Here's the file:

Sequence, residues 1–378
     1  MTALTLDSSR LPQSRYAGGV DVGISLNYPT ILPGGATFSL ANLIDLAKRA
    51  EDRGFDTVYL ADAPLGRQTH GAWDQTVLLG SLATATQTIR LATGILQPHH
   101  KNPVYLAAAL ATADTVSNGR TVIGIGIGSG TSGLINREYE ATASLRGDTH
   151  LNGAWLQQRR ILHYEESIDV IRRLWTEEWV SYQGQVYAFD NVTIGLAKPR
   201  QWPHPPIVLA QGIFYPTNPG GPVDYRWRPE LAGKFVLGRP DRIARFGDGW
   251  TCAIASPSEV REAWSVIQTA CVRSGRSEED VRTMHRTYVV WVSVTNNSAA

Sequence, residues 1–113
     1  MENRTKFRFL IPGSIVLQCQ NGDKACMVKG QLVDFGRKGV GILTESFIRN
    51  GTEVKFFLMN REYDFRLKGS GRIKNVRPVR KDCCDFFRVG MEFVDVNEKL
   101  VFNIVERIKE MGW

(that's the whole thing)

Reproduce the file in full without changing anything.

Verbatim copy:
Sequence, residues 1–378
     1  MTALTLDSSR LPQSRYAGGV DVGISLNYPT ILPGGATFSL ANLIDLAKRA
    51  EDRGFDTVYL ADAPLGRQTH GAWDQTVLLG SLATATQTIR LATGILQPHH
   101  KNPVYLAAAL ATADTVSNGR TVIGIGIGSG TSGLINREYE ATASLRGDTH
   151  LNGAWLQQRR ILHYEESIDV IRRLWTEEWV SYQGQVYAFD NVTIGLAKPR
   201  QWPHPPIVLA QGIFYPTNPG GPVDYRWRPE LAGKFVLGRP DRIARFGDGW
   251  TCAIASPSEV REAWSVIQTA CVRSGRSEED VRTMHRTYVV WVSVTNNSAA

Sequence, residues 1–113
     1  MENRTKFRFL IPGSIVLQCQ NGDKACMVKG QLVDFGRKGV GILTESFIRN
    51  GTEVKFFLMN REYDFRLKGS GRIKNVRPVR KDCCDFFRVG MEFVDVNEKL
   101  VFNIVERIKE MGW